Aḥmad Ibn Yaḥyā al-Balādhurī (Arabic: أحمد بن يحيى بن جابر البلاذري) was a 9th-century Muslim historian. One of the eminent Middle Eastern historians of his age, he spent most of his life in Baghdad and enjoyed great influence at the court of the caliph al-Mutawakkil. He traveled in Syria and Iraq, compiling information for his major works.
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- “…Their idol of Zur was of gold, and its eyes were two rubies. The zealous Musalmans cut off its hands and plucked out its eyes, and then remarked to the Marzaban how powerless was his idol to do either good or evil…”
- About Ibn Samurah at Seistan. Futuhu’l-Buldan by al-Biladhuri. in Elliot and Dowson, History of India as told by its own Historians, 8 Volumes, Allahabad Reprint, Vol. II, pp. 413-14.
- “He then went to Kandahar in boats and conquered it. He destroyed the Budd there, and built in its place a mosque.”
- About Hasham bin ‘Amru al-Taghlabi in Kandahar (Maharashtra). Futuhu’l-Buldan by al-Biladhuri. cited in Elliot and Dowson, History of India as told by its own Historians, 8 Volumes, Allahabad Reprint, Vol. I, pp. 127.
- The governors (who succeeded Qasim) continued to kill the enemy, taking whatever they could acquire…
- Al Biladuri, quoted from Lal, K. S. (1994). Muslim slave system in medieval India. New Delhi: Aditya Prakashan. Chapter 12
- [During Caliph Hasham bin Abdul Malik (r. 724–43), Sindh military chief Junaid bin Abdur Rahman engaged in a number of victorious campaigns. In his attack of Kiraj, he] ‘stormed the place, slaying, plundering, and making captives.’ ... [After the orthodox Abbasid dynasty was founded in 750, Caliph al-Mansur (r. 755–74) sent Hasham bin Amru for waging holy war against Hindu territories. He] ‘subdued Kashmir and took many prisoners and slaves…’ He then went to Kandahar in boats, and conquered it. He destroyed the budd there, and built in its place a mosque.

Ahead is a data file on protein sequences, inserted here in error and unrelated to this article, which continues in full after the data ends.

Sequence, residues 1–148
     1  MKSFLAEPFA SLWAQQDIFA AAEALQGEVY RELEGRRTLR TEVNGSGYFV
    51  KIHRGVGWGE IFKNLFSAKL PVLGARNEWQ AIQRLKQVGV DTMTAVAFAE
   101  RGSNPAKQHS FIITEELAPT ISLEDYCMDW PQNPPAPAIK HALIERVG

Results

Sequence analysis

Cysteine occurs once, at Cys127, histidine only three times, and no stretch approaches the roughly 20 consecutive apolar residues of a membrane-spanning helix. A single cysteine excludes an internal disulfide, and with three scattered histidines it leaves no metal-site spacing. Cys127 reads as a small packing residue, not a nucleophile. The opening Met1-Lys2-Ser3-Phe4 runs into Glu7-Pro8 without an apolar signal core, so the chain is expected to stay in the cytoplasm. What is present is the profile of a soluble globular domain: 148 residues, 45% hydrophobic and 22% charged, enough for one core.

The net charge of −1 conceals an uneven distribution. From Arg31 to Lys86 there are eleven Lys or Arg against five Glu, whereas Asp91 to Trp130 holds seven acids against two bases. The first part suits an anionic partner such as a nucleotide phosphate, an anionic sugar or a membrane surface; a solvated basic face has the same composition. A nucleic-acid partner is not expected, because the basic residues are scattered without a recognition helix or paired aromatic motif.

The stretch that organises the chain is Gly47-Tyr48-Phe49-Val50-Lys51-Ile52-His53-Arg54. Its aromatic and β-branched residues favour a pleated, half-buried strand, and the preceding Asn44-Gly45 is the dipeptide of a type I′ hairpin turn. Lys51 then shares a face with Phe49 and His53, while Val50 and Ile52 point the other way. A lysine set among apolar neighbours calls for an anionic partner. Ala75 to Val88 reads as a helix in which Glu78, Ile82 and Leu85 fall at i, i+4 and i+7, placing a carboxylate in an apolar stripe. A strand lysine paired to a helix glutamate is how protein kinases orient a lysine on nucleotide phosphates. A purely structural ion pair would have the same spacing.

- quoted in M.A. Khan , Islamic Jihad: A legacy of forced conversion, imperialism and slavery (2011), quoting quoting Elliot & Dawson, Vol. I
- Muhammad and his Musulmans encountered Dahir mounted on his elephant, and surrounded by many of these animals, and his Takukaras [Thakurs] were near his person … Dahir dismounted and fought valiantly, but he was killed towards the evening, when the idolaters fled, and the Musulmans glutted themselves with massacre. According to Al Madaini, the slayer of Dahir was a man of the tribe of Kalab, who composed some verses upon the occasion.
- Al-Baladhuri, “Futuh al-Buldan,” 122. quoted in Balakrishna, S. Invaders and infidels: From Sindh to Delhi : the 500- year journey of Islamic invasions. New Delhi : BloomsBury, 2021.